Chiffon cake

Chiffon cake

A chiffon cake is a very light cake made with vegetable oil, eggs, sugar, flour, baking powder, and flavorings. Unlike with butter, the traditional fat used in cake making, it is difficult to beat air into oil, so chiffon cakes, like angel cakes and other foam cakes, achieve a fluffy texture by beating egg whites until stiff, and folding them into the cake batter before baking. The high oil and egg content creates a very moist cake, and as oil is liquid even at cooler temperatures, chiffon cakes do not tend to harden or dry out as traditional butter cakes might. This makes them much better-suited than many cakes to filling or frosting with ingredients that need to be refrigerated or frozen, such as pastry cream or ice cream. Chiffon cakes also tend to be lower in saturated fat than butter cakes, making them potentially more healthy than their butter-heavy counterparts. The lack of butter, however, means that chiffon cakes lack much of the rich flavor of butter cakes, and they are hence typically served accompanied with flavorful sauces or other accompaniments, such as chocolate or fruit fillings.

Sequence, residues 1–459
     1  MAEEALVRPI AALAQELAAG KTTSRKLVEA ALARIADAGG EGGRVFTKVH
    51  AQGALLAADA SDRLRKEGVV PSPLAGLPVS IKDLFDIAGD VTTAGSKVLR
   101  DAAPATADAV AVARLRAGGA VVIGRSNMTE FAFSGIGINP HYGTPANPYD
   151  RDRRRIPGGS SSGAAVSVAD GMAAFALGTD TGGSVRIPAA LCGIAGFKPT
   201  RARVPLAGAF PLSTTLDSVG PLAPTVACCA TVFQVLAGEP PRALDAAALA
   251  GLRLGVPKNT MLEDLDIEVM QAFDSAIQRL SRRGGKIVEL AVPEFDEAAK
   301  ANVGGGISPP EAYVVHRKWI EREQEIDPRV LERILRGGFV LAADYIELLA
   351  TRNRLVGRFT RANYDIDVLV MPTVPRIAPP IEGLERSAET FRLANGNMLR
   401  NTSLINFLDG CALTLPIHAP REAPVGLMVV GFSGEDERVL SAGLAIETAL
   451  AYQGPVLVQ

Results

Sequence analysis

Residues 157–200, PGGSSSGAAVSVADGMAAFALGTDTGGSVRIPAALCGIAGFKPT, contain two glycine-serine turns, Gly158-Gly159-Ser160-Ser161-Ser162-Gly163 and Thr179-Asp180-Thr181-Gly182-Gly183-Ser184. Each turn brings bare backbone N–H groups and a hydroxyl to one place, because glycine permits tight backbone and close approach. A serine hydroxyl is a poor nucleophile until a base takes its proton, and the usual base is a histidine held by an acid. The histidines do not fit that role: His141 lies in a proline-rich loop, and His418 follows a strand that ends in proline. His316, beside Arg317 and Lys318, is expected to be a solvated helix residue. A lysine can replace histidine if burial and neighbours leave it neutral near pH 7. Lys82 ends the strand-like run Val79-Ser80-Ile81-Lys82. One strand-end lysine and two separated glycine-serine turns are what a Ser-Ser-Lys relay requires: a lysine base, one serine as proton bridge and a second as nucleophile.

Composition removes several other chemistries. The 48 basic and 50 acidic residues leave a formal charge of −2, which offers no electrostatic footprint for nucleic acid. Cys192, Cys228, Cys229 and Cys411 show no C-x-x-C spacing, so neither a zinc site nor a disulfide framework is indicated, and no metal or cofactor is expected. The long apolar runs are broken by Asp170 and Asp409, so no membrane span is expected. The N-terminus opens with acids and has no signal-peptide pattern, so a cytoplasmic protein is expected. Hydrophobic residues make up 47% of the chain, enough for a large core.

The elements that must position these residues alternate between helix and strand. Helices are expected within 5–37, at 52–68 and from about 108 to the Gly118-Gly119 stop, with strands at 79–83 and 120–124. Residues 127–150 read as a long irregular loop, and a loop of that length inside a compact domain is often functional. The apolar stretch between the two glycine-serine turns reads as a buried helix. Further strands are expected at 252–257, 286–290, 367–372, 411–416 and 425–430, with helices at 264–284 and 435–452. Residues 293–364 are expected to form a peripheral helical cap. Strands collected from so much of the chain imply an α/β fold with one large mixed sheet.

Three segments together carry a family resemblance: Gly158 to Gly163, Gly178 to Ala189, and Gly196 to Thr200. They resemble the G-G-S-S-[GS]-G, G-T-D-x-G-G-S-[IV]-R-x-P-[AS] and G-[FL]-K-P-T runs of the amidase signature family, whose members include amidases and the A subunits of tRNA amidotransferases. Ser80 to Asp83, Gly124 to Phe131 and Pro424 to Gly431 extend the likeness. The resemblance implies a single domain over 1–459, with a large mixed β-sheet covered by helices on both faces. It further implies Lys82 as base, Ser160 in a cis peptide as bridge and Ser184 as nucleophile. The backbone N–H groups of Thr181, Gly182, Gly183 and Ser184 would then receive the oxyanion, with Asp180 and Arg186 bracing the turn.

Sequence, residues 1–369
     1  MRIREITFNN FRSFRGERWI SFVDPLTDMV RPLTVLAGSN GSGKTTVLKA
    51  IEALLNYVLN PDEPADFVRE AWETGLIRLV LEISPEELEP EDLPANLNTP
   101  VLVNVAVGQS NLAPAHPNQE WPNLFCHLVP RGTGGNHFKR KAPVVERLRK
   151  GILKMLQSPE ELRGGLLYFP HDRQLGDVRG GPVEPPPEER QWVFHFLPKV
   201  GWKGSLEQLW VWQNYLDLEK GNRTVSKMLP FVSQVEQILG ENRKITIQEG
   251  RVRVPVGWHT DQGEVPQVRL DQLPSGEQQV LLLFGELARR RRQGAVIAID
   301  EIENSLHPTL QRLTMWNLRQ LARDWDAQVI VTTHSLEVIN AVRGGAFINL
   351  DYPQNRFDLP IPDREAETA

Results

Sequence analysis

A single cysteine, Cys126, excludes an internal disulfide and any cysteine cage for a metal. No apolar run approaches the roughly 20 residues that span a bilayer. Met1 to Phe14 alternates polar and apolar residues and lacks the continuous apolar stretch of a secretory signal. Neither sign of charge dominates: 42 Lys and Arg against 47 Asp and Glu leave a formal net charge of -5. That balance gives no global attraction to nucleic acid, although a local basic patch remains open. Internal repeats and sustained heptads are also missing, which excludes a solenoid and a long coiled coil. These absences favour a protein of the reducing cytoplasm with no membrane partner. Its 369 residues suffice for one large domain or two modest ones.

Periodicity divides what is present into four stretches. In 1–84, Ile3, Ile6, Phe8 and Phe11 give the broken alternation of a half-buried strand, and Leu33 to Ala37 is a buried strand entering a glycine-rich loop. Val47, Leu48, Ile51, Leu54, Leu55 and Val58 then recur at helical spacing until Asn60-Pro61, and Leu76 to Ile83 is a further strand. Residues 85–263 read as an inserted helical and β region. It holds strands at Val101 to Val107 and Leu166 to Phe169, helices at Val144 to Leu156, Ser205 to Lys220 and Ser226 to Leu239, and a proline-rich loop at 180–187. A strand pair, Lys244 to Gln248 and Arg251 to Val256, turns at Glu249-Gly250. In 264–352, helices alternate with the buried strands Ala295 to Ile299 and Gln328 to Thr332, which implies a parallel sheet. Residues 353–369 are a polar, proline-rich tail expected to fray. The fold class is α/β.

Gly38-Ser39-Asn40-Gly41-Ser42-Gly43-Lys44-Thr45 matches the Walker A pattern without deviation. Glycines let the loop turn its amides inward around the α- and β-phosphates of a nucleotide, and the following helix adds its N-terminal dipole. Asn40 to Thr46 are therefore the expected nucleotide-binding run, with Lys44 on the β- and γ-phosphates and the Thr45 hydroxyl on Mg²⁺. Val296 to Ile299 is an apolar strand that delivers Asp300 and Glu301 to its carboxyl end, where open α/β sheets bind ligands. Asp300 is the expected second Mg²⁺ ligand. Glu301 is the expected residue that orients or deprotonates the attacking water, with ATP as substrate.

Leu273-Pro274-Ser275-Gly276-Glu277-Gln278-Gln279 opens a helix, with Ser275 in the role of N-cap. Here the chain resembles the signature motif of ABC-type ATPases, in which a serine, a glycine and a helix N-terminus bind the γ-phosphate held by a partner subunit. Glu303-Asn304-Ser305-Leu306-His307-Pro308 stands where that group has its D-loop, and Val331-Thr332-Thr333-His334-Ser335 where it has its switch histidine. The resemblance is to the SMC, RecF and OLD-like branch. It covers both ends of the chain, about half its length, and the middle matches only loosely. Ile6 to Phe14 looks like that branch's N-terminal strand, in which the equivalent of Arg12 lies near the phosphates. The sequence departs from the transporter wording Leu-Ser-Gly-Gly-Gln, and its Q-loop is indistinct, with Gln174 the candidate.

The chiffon cake was invented in 1927 by a California insurance salesman named Harry Baker, who also ran a small, part-time cake catering business. Mr. Baker used his recipe in catering, but did not disclose it to the public until he sold it to Betty Crocker in 1948. Crocker proclaimed the chiffon cake to be the "cake discovery of the century".

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